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Biobanking

Ethical issues & future use of samples

Regulating research 
Before biobanking projects can be carried out they must be approved either by a Research Ethics Committee (REC), who also regulate other medical research studies, or by the Human Tissue Authority. 
 
The role of RECs is to ‘safeguard the rights, safety, dignity and well-being of people participating in research in the National Health Service. They review applications for research and give an opinion about the proposed participant involvement and whether the research is ethical.’ (NHS National Research Ethics Service).
 
The Human Tissue Authority also has a role in licensing and inspecting organisations that remove, store and use human tissue for research. The Human Tissue Authority aims to maintain confidence by ensuring that human tissue is used safely and ethically, and with proper consent. 
 

It is important to Gill that her samples are treated respectfully and securely stored, and that...

It is important to Gill that her samples are treated respectfully and securely stored, and that...

Age at interview: 55
Sex: Female
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Does that now make you kind of reflect on how secure and confidential things are being kept?

 
Well, I think that for me that was the biggest thing I had to really think about with the Biobank, because my concern isn’t so much about what I’m giving, but being sure that it’s being treated with respect. And that means, you know, confidentiality and ensuring that it’s safe and secure. And, you know, you do hear of data being lost, and hackers hacking into databases, and all these sorts of things. So it is something that I considered. But at some point, and I know things like the research regulations, research governance is sort of tightening things up, and we’ve got the Human Tissue Act which, you know, I know that there are licenses for storage and inspections and new regulations. So that does give me a little reassurance there. And at some point you have to decide on the balance, don’t you, the good against potential for problems. I mean there’s always something that can go wrong. But at the end of the day it’s a leap of faith. And the balance for me was that this was a really important thing to be involved in, and I was happy to go through it and give, well, tissue samples and also huge amounts of personal information [laughs]. Which was interesting as well.
Informed consent
Participants must be given information sheets explaining in detail what their involvement entails, what side effects (if any) they may experience and whom they can contact to make a complaint. (See also ‘Information and questions’, and ‘What is involved in taking part?’). They should also have the opportunity to ask questions if they wish.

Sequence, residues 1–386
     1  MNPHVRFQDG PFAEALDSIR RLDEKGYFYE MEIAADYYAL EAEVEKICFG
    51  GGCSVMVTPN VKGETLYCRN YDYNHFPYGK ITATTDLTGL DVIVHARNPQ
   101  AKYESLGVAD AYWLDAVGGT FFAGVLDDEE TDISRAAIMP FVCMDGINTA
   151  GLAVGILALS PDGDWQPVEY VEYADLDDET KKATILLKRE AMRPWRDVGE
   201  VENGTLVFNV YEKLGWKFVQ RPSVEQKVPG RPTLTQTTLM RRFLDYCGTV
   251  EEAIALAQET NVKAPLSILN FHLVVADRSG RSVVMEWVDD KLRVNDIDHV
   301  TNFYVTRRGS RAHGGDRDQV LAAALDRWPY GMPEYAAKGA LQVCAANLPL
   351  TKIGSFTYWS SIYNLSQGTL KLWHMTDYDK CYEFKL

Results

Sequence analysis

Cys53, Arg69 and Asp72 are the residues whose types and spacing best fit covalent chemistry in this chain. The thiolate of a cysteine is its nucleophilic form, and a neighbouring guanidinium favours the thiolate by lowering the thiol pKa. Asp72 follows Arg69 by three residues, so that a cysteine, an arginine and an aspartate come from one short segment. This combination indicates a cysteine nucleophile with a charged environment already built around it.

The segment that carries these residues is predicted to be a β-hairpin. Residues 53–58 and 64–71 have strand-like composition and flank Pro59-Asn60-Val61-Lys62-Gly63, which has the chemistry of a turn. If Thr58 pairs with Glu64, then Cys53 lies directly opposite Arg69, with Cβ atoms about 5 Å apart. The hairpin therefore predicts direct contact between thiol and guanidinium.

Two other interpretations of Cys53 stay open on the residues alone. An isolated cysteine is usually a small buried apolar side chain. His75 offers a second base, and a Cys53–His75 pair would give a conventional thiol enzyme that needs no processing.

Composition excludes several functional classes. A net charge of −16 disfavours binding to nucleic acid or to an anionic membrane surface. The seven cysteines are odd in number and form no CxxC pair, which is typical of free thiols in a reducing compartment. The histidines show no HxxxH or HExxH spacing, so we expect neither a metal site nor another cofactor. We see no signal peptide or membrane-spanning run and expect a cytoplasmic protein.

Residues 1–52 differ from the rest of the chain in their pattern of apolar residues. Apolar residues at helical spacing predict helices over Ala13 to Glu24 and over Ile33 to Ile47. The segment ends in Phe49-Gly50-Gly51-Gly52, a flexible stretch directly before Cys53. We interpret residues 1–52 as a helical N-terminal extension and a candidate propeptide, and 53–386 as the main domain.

Before taking part, participants are required to sign a consent form to indicate their agreement to take part and to confirm they understand what they have agreed to do. This includes knowing how to withdraw from the project if they change their mind.

Sometimes people may have a condition which affects their ability to give informed consent to research. The Mental Capacity Act (2005) states that researchers should assume that a potential participant has the capacity to decide whether to consent or not, unless there is evidence to suggest otherwise. This may mean that researchers sometimes need to ask some extra questions or provide information in a different way to be sure someone is capable of understanding before they go ahead.
 

Ruth signed a consent form quite a while before she took part in the project. However, she knew...

Ruth signed a consent form quite a while before she took part in the project. However, she knew...

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Before they induced me they, I did sign a form. I remember signing a consent form to say that they, they could take my stem cells and also if I needed any other further intervention due to the pregnancy and possible caesarean, I signed those then. And I think they took, they took a blood test after, I think - yes, after I’d had my caesarean, but I really wasn’t very compos mentis at that stage [laughs] because I’d had an epidural and rather a lot of gas and air. So little bit hazy on those details [laughs].
 
So they took consent quite a long time after you’d first read the information?
 
Yes. Yeah. I’m not sure, I mean, from what I remember - I didn’t keep the information leaflet unfortunately - but I don’t think it was the national database that I signed up for. I think it was a local bio-banking for local research, rather than a national one, because I don’t think they do the national one in our centre - yet. I mean, they may well do soon but yeah.
 
I mean, I suppose, I’m just interested in this gap…
 
Mm.
 
… between when they gave you the leaflet, which was sort of 18 weeks in …
 
Yes.
 
.. and then you don’t sign consent till some time later?
 
I signed consent just before I gave birth.
 
Basically. Well, when George was delivered, yeah. It was a long gap in between. But I had brought it up a couple of times with my midwife and you know, when I saw her at my antenatal appointment I mentioned the fact that I’d read this leaflet and I really wanted to do it, and she put it in my notes. And so anybody seeing the notes was aware that I wanted to do this.
 
And they just said it was very simple, if you didn’t want to consent, if you wanted to un-consent, all you had to do was just let them know, or decide not to sign the form just before you gave birth.